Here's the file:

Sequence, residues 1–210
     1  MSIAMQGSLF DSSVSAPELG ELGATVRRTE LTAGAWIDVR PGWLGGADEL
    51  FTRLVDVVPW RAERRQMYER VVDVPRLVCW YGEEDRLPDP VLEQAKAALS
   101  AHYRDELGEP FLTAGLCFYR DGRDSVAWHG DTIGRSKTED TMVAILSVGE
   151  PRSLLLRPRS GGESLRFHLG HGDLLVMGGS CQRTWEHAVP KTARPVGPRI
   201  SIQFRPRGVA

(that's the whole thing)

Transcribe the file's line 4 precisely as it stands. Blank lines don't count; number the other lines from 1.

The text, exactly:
   101  AHYRDELGEP FLTAGLCFYR DGRDSVAWHG DTIGRSKTED TMVAILSVGE